non-local credibility in exchange for the novelty of his telescopic discoveries.
Biagioli readily admits that these two credit systems never come in their pure and
abstract form. Still in Padua, Galileo stated (Biagioli notes) that the actions of
Baldassare Capra, whom he accused of the piracy of his instrument and its instruction manual, had hurt his honor, not his purse (9). Biagioli also takes pains
to show that the Sidereus Nuncius falls between these two different economies.
Galileos Instruments of Credit is not a book about the material basis of
Galileos science, the instruments the compass and the telescope for which
he received credit. It is rather about the strategies and tactics which he used to gain
and maximize his credit. In his choice of these tactics Galileo was Biagioli cites
Feyerabend with approval opportunistic. A methodology was a luxury which
Galileo could not afford, Biagioli claims, because he had to respond to highly
mutable working conditions. Biagioli follows Galileo through these changing circumstances in four chapters, roughly following the chronological order of Galileos
career. Chapter 1 finds Galileo in Padua in search of Medicean support for his
discovery of the satellites of Jupiter. Biagioli draws an analogy between the construction of scientific authority and investment decisions. What is most surprising,
he argues, is that the Medici invested in Galileos claims on the basis of partial
information. Biagioli concludes that geographic distance, which allows for this
partial perception, is constitutive of knowledge.
In chapter 2, Biagioli shows that Galileos concerns in the wake of the publication of the Sidereus Nuncius were not with the replication of his telescopic
discoveries, but with keeping others from catching up with him and, thus, with
monopolizing these discoveries. These monopolistic tactics made Galileo secretive
about the telescope. Biagioli contextualizes Galileos uncooperative attitude within
the economy of the early modern inventor. The conventions of early modern

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patents shed substantially new light on Galileos secrecy about telescope-making


skills, but Biagioli is too enthusiastic when he makes them responsible for the
absence of a description of the optical processes of image formation through a
telescope (126), an optical theory which would have been little helpful in building
a better telescope.
The Sidereus Nuncius was, of course, no patent application, and Biagioli analyzes
the narrative and pictorial tactics which Galileo used to convince his readers of the
existence of his celestial discoveries. These pictorial tactics movie-like
visual sequences, the innovative character of which Biagioli overestimates which
represent periodicity and change in time, are the central focus of chapter 3, on the
sunspot controversy between Galileo and Christoph Scheiner. Finally, in chapter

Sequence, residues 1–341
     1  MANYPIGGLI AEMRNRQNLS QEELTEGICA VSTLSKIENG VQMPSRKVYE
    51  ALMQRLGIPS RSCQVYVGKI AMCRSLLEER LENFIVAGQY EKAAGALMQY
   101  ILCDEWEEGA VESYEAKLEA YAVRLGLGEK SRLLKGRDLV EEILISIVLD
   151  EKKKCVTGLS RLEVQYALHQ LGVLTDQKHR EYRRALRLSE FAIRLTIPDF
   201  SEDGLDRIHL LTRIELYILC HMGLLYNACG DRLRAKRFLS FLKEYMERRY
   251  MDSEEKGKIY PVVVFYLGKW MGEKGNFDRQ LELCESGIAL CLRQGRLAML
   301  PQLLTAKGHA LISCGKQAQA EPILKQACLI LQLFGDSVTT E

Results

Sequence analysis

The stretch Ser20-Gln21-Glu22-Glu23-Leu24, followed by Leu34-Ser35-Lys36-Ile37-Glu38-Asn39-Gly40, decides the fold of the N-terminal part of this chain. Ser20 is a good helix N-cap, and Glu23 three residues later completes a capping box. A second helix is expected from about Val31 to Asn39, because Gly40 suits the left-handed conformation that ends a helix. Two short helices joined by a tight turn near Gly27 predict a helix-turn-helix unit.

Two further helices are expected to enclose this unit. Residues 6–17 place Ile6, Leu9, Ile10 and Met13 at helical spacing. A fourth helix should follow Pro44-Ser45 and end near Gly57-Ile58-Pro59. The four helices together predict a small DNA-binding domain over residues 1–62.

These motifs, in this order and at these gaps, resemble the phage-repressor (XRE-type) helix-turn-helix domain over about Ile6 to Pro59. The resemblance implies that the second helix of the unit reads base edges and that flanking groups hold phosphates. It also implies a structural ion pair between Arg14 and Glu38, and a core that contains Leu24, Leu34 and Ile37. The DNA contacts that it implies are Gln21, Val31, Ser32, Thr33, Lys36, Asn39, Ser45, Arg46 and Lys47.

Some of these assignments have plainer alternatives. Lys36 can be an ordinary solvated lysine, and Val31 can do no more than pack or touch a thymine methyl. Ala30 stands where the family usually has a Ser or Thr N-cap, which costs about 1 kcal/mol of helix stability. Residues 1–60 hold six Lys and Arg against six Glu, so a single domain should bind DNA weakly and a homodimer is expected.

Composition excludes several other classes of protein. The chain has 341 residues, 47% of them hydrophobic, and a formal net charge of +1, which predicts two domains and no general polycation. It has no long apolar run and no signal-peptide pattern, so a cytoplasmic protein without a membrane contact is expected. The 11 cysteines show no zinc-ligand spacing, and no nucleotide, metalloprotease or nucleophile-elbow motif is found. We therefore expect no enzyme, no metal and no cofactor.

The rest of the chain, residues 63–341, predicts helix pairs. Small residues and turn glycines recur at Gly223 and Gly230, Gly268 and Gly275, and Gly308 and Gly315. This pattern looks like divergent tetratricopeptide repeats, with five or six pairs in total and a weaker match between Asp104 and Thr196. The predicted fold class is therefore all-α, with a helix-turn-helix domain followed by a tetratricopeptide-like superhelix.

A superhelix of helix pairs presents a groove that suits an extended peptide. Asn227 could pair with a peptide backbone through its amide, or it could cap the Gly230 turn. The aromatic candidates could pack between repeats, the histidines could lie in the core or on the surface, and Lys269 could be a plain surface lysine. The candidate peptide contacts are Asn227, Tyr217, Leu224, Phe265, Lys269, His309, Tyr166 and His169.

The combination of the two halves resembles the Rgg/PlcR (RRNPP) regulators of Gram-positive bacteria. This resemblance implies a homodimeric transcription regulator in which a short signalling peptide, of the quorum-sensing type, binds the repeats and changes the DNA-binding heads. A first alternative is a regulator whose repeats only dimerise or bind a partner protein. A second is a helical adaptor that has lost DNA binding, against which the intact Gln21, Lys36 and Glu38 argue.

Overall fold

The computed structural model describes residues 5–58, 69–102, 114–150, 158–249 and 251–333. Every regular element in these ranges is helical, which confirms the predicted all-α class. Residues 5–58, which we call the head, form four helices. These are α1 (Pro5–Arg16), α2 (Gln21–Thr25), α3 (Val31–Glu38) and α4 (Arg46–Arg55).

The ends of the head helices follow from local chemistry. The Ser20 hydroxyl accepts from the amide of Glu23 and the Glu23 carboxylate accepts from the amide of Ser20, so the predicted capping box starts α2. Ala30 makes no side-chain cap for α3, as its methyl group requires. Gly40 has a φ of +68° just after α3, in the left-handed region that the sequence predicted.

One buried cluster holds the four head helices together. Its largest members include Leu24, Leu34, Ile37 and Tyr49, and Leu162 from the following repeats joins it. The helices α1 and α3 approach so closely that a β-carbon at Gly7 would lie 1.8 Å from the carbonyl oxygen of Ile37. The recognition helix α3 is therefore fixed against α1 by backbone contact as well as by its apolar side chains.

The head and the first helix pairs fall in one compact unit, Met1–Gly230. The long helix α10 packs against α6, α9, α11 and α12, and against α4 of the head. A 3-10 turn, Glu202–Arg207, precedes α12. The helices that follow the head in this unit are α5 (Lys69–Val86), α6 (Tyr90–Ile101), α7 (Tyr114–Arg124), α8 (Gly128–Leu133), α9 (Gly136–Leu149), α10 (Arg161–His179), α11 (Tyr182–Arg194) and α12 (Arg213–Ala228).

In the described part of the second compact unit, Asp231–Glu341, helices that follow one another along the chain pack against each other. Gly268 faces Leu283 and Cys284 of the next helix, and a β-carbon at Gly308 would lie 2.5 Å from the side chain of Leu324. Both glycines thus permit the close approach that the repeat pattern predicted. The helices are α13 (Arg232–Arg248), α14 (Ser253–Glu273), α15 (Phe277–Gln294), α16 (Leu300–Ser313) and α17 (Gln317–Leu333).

4, Biagioli attempts to show how Galileos use of the metaphor of the book of
nature emerged in response to theologians criticisms of Galileos portrayal of the
relationship between astronomical knowledge and scriptural exegesis.
Despite shortcomings which arise from Biagiolis attention to tactics of
secrecy and disclosure at the expense of the content of the disclosure and the
historicity of its packaging this well-researched book brings fresh insights,
especially regarding the concept of intellectual property, in a seemingly all-toofamiliar episode in the history of science. Its sweeping style will appeal to broader
audiences than that made up by the Galileo Industry.

SVEN DUPR
Ghent University

Marcus Hellyer. Catholic Physics: Jesuit Natural Philosophy in Early


Modern Germany.
Notre Dame: University of Notre Dame Press, 2005. xii + 336 pp. index. append. illus. tbls.
bibl. $50. ISBN: 0268030715.

In 1775, two years after the dissolution of the Society of Jesus by Pope
Clement XIV, Empress Maria Teresa was asked to approve the founding of a
scientific Academy in Vienna. Casting her eyes on the proposed list of local
members, the empress cringed: I could not possibly decide to start an academy
with three ex-Jesuits and a worthy professor of chemistry, she demurred. We
would be the laughing-stock of the world. No more was heard of the matter.
Marcus Hellyer does not recount this anecdote but he conjures up an analogous
mentality when recounting the events leading to the foundation of the Bavarian
Academy of Sciences a decade-and-a-half earlier. The moving force behind the new
institution was Georg Lori, whose visceral detestation of the Jesuits made him
insist, successfully as it turned out, not only on total independence of the academy
from the Jesuit-controlled University of Ingolstadt, but on barring the admittance
of all Jesuits. Our constitution is very democratic, he wrote his patron, and in
democracies all tyrants are hated. Does Your Excellency not know those people
who have ruled over scholars and science like a sultan over the Muslims?